Two "basic" oscillators with some clever modulation could easily generate very unique and interesting results just as well as a wavetable osc could. Arguably going this route allows the signal path to be more "custom" and therefore can be catered to someone's individual sound. You could obviously modulate a wavetable osc the same way and perhaps get an interesting result as well although sometimes modulating an already complex waveform doesn't add much to the timbre it just makes it - noisier. I love wavetable oscillators and I am not advocating against them, but they (along with complex oscs) are generally more expensive and take up more space compared to a more basic osc. Funds and space permitting, it could be valuable to have a couple basic oscillators for exploring a more "modular" approach to interesting timbres in addition to a couple more interesting oscillators or even samplers.

I used to be convinced I needed the fanciest, most intricate osc to get an interesting sound until I saw some (much more knowledgeable) modular artists get really creative with just a pair of dixies, for example.
Grumble
Quote:
There will be phase shift between input and output and oscillation occurs when phase shift equals or exceeds 180 degree at any frequency where the open loop gain is greater than unity (actually always in practice at a range of frequencies.)

So I wonder, is it even correct to call a wavetable oscillator (and digital oscillators as a whole) an oscillator?
Shouldn’t this type of devices be called Generators?
MarcelP
Grumble wrote:
Quote:
There will be phase shift between input and output and oscillation occurs when phase shift equals or exceeds 180 degree at any frequency where the open loop gain is greater than unity (actually always in practice at a range of frequencies.)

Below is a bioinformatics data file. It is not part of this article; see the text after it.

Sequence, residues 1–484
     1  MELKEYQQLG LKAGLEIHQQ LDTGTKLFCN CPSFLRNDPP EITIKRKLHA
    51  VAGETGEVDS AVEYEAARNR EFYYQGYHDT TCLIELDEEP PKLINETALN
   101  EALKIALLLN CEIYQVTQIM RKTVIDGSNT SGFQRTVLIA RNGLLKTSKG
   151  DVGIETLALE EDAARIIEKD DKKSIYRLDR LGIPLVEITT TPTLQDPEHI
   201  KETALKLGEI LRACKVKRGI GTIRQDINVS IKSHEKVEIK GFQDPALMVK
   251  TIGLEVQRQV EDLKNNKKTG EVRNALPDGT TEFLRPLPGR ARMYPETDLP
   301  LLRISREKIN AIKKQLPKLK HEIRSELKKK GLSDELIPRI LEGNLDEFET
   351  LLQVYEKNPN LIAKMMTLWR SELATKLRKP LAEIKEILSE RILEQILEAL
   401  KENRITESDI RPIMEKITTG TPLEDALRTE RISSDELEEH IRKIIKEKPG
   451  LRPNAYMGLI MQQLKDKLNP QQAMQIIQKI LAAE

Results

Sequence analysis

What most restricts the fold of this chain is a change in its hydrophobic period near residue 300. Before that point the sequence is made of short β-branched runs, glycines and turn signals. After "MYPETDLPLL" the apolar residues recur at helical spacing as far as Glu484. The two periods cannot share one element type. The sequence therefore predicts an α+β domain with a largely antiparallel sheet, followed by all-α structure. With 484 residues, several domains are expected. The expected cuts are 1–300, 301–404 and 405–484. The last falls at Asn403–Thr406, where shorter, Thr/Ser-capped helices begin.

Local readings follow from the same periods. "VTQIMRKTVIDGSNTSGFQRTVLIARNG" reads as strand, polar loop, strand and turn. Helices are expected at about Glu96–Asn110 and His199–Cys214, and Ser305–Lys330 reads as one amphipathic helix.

So I wonder, is it even correct to call a wavetable oscillator (and digital oscillators as a whole) an oscillator?
Shouldn’t this type of devices be called Generators?


Oscillation is regular variation about a point - a pendulum swinging to and fro, walking thither and yon, emotions swinging from depression to euphoria - regardless of why it happens. So a wavetable oscillator is an oscillator.

Though I take your point - from early physics lessons we tend to think of oscillation as occurring, in a physical sense, as positional variation around a point due to instability in a system - ie pendulums and simple harmonic motion - but remember a dot on a rotating wheel is also simple harmonic motion and an oscillation.
cptnal
I like this one. Loopop demonstrates how you can recreate a wavetable oscillator with analogue components. Illustrates the concept nicely.

Branconnier
Thanks a lot for the explanation!
Blairio
mosorensen wrote:
My own view (and many will disagree) is that there are so many fascinating oscillators available today, that there is not much point in getting a module that is just a standard oscillator (say, Make Noise STO).
and

An STO is far from standard, incorporating as it does wave folding/shaping and an s-trig controlled sub oscillator .

If by standard you mean that the oscillator produces a selection of basic waveforms, then a Doepfer A-110 is a better example, and none the worse for it.
Cybananna
Some of my favorite oscillators are standard oscillators. You can modulate them how you want
cptnal
Cybananna wrote:
Some of my favorite oscillators are standard oscillators. You can modulate them how you want


Indeed. One of the attractions of modular is being able to build things yourself from the basic building blocks. If anyone reading hasn't tried it, give it a go. This is fun!
Branconnier
I have take a look to many video. It seems that DPO often come first in research. So, I am looking for a DPO or C-SL. Any other suggestions. Since, I'm a noob with modular, what would you recommend and why?

Many thanks
lisa
Branconnier: There are several based on the same (Buchla) design. Both of those you mention are great and each bring their own functions to the table.

If you want to start with something much smaller and cheaper but still two oscillators and very powerful, check out Klavis Twin Waves. Lovely module.
tito_tunes
Don't fall into the trap of thinking that complex fancy oscs are inherently better.

I prefer to start with the basic shapes (from my pair of trusty Dixie II+) and use patching to create complexity, such as FM, Syncing, Wavefolding, Waveshaping, Ring Mod, Filtering, Dividing and many combination of the above.

Also nothing has the BASSS of a simple analog sine, especially with a touch of distortion. SlayerBadger!